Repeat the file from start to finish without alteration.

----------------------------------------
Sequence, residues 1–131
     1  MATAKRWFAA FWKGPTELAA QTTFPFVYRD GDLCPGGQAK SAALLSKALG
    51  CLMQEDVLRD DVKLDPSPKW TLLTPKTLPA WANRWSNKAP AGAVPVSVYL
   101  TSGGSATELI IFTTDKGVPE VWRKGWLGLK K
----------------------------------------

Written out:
Sequence, residues 1–131
     1  MATAKRWFAA FWKGPTELAA QTTFPFVYRD GDLCPGGQAK SAALLSKALG
    51  CLMQEDVLRD DVKLDPSPKW TLLTPKTLPA WANRWSNKAP AGAVPVSVYL
   101  TSGGSATELI IFTTDKGVPE VWRKGWLGLK K